Verified by Psychology Today
On gaining strength and thriving
Ahron Friedberg M.D.
Retirement doesn’t mean giving up on your life but transitioning into a new phase of it.
Sharing personal space can sometimes feel overwhelming, but it doesn't mean that growing in a relationship has to mean giving up on life.
If you don’t succeed at first, try and try again.
While pursuing professional success, are you making yourself unhappy?
In pursuing happiness, you have to balance work with the rest of your life.
Good intentions can make all the difference.
Smart choices have their costs, but the benefits count too.
One man's story illustrates how we need to prepare for retirement honestly and competently.
If you want to be happier, make your inner enemy a friend.
Happiness depends on planning ahead.
To move ahead, we have to look back and forgive ourselves.
Honesty may be the best policy but has its costs.
Each of us has to find his own happiness.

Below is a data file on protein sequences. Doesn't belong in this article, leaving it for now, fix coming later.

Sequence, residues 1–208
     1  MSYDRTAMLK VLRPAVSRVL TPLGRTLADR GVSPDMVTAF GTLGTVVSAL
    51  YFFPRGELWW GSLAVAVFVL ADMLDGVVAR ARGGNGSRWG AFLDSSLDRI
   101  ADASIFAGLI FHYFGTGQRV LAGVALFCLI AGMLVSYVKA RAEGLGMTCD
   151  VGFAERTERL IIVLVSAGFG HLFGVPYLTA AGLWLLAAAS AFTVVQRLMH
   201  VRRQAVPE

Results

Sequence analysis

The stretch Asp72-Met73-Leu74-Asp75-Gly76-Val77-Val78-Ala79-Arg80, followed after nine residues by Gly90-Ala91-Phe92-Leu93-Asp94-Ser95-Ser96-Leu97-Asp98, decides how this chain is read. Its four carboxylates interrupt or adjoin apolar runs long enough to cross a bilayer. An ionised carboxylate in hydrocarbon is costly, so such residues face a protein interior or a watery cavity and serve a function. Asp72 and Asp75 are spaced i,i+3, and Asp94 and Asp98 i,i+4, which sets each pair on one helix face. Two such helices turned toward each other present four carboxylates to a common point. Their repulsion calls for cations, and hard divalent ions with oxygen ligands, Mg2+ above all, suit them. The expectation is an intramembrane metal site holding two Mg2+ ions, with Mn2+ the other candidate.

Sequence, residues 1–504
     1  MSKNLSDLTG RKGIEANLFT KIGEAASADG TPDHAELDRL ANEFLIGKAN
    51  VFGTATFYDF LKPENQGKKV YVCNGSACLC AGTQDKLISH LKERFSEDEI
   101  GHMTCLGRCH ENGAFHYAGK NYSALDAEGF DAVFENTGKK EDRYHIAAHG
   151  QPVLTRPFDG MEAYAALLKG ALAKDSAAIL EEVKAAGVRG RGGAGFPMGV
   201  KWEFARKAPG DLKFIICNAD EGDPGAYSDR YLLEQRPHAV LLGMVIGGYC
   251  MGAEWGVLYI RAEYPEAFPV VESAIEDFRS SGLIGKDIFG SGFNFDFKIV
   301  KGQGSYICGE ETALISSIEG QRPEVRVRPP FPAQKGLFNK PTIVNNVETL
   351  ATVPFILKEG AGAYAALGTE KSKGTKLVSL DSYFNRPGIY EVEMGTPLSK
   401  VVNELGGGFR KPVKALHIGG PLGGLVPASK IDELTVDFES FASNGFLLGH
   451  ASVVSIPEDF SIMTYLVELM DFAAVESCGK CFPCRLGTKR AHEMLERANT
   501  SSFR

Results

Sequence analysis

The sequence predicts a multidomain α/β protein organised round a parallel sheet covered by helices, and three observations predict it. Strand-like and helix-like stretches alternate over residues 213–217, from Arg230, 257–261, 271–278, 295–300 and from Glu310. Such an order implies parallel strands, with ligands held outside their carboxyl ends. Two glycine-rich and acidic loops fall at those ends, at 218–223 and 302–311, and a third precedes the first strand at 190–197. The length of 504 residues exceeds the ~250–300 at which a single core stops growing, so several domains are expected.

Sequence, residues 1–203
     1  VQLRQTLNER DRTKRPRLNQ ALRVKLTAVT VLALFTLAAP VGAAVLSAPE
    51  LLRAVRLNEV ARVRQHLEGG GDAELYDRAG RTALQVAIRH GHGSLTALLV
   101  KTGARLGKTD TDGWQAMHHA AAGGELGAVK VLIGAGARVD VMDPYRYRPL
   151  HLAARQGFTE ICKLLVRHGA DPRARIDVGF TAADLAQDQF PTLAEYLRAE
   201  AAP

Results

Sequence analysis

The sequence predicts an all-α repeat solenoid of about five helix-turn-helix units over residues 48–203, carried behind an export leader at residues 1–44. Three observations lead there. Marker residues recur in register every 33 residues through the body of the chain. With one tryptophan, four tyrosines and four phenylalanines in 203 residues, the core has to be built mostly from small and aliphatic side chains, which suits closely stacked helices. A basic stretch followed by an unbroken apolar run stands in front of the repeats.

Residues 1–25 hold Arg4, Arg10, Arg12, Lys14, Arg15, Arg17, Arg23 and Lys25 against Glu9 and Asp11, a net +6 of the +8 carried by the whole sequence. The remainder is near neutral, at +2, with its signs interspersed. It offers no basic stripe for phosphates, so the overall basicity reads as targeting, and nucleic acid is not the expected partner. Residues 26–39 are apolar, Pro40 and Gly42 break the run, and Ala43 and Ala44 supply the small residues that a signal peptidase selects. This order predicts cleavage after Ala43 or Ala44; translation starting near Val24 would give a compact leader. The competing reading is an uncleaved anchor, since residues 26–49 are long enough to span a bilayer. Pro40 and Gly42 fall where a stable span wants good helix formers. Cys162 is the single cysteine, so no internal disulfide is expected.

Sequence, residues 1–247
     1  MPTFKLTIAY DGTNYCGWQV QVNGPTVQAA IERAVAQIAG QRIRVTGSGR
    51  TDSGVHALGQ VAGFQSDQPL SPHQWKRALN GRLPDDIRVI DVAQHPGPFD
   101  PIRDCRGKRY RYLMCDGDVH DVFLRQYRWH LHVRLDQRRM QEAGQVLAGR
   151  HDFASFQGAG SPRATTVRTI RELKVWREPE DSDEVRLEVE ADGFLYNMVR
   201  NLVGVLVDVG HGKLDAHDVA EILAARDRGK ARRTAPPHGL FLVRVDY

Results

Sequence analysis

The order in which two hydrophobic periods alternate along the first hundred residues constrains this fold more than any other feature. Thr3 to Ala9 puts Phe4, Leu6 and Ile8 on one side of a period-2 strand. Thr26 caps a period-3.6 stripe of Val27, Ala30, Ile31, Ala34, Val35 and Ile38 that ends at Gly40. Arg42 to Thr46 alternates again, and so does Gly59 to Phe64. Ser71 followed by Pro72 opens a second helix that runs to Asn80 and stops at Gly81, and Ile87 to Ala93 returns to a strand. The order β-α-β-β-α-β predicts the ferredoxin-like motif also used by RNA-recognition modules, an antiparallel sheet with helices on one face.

When in doubt, you can always be creative.
Self-worth shouldn’t only be based on what you do.
You have to feel comfortable with your choices.
When you keep trying, it can make a difference.
Sometimes it’s best to keep on keeping on.
You make your own good fortune.
The line between vigilance and vigilantism is hard to draw.
Older age is challenging, but adaptability helps.
Of course, COVID-19 is no joke. But we can't let it become a universal stressor that aggravates every corner of our mental environment.
Essential learning comes through play.
How do we teach our children well?
The past serves as a warning for our times.
A pleasure can be replaced by an even greater satisfaction.
In challenging times, keeping faith requires a leap.
The future is now (or maybe not).
Every challenge can be a learning experience.
When you’re given lemons, make lemonade.
Dr. Friedberg practices as a psychodynamic psychiatrist in Manhattan. He is a Clinical Professor at Mount Sinai Icahn School of Medicine and Editor of the Academy Forum, a leading professional journal.